Dear Mitakuyapi (“Relatives” is a traditional greeting in the Lakota language),
Cante Waste ya Nape Ciyu zape ye (“I shake your hand with a good heart”). On January 24th, President Trump signed executive actions to advance approval of the Keystone XL and Dakota Access (DAPL) oil pipelines.
Native Americans in Philanthropy (NAP) stands for the health and well-being of Native communities across the country, including the protection of our rights as sovereign Native nations. These executive actions circumvent the legal process for environmental review of DAPL, which the Standing Rock Sioux Tribe and many others have raised very significant concerns about in regard to their water supply. Having been in office for less than a week, neither Trump nor his administration have ever consulted Standing Rock or other surrounding tribes on this harmful decision and violation of their treaty rights.
In a statement from the Standing Rock Sioux Tribe, Chairman Dave Archambault II stated, “We are not opposed to energy independence. We are opposed to reckless and politically motivated development projects, like DAPL, that ignore our treaty rights and risk our water. Creating a second Flint does not make America great again.”
On January 27th, Trump also signed an executive order suspending refugee resettlement and entry into the U.S. of people from several countries. The move prompted protests, court cases, and more. As Indigenous people to this land, we feel this order ignores the history of this country’s survival that relied heavily on the generosity of our ancestors. The hashtag #NoBanonStolenLand is a reminder to the administration that Indigenous people will not stand for the erasure of that history.
Native Americans were the first to welcome immigrants to share in the abundance of unci maka (Mother Earth), but we have been taken advantage of, forgotten and left struggling in poverty and underdevelopment. And yet, we see peoples like the Tohono O’odham — a tribe whose traditional lands stretch from Arizona into Mexico — still holding firm to their original beliefs of their ancestors, which did not include national borders. Issues facing America today, like DAPL, are not new to our communities. For centuries, Native communities have organized to protect lands and culture in both rural and urban settings.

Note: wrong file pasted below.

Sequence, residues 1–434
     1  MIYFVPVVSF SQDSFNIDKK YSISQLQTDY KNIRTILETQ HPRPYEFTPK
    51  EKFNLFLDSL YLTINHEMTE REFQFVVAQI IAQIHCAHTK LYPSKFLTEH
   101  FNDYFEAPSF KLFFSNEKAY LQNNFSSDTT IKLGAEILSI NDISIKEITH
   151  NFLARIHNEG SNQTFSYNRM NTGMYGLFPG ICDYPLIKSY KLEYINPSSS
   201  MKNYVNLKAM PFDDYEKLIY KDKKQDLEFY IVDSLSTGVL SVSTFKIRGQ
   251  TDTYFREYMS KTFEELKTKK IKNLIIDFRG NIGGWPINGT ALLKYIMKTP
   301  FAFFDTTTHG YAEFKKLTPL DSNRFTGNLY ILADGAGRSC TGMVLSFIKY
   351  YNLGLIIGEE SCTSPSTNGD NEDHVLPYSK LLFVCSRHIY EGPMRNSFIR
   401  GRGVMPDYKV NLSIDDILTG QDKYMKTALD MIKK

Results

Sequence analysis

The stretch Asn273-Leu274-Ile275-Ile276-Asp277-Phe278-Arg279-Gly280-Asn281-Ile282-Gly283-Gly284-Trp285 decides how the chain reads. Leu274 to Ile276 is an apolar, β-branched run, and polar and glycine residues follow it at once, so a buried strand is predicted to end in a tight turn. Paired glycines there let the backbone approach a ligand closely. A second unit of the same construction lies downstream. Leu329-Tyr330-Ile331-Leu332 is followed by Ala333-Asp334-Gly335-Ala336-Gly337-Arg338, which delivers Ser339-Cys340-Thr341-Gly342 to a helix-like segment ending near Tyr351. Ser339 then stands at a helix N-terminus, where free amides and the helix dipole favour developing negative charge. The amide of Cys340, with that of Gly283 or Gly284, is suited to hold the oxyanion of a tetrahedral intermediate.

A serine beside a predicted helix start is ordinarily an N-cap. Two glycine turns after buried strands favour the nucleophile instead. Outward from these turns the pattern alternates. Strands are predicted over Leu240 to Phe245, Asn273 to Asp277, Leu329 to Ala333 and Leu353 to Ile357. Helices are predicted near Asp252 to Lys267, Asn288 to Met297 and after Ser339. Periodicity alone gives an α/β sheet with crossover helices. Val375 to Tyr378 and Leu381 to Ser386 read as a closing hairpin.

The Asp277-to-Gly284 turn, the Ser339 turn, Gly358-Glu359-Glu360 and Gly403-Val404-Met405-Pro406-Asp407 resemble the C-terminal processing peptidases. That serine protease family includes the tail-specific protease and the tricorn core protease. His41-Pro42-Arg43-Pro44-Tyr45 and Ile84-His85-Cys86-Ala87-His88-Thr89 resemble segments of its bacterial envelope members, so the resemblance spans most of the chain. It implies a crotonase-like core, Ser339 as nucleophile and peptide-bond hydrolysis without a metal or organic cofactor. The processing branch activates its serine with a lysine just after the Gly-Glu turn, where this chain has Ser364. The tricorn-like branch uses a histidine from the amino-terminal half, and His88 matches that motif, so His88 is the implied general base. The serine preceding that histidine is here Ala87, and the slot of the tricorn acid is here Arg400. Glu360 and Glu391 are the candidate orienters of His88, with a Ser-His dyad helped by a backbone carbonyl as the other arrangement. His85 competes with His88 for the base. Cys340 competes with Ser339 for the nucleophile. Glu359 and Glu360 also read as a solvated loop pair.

We at NAP believe this time of movement building can catalyze a deep mainstream understanding of the issues of Indigenous peoples and history. We believe strategy is crucial to support meaningful work, and essential for long term permanent change. We must be prepared for a coordinated, sustained fight.
NAP has supported the education around the issues of Standing Rock in their fight against DAPL, hosting a regional convening and funder tour there in October 2016, and continuing to keep funders up-to-date on the situation through monthly calls. Our #GenIndigenous Response Fund was created out of the need for movement response funding to youth-led groups mobilizing and organizing in their communities, like in Standing Rock.
NAP will continue to #StandWithStandingRock and all those who stand opposed to the violation of our rights and those who stand for the protection of the earth. Please keep an eye on our website, Facebook, Twitter and Instagram as we continue to track the issue.
Sarah Eagle Heart, CEO
Native Americans in Philanthropy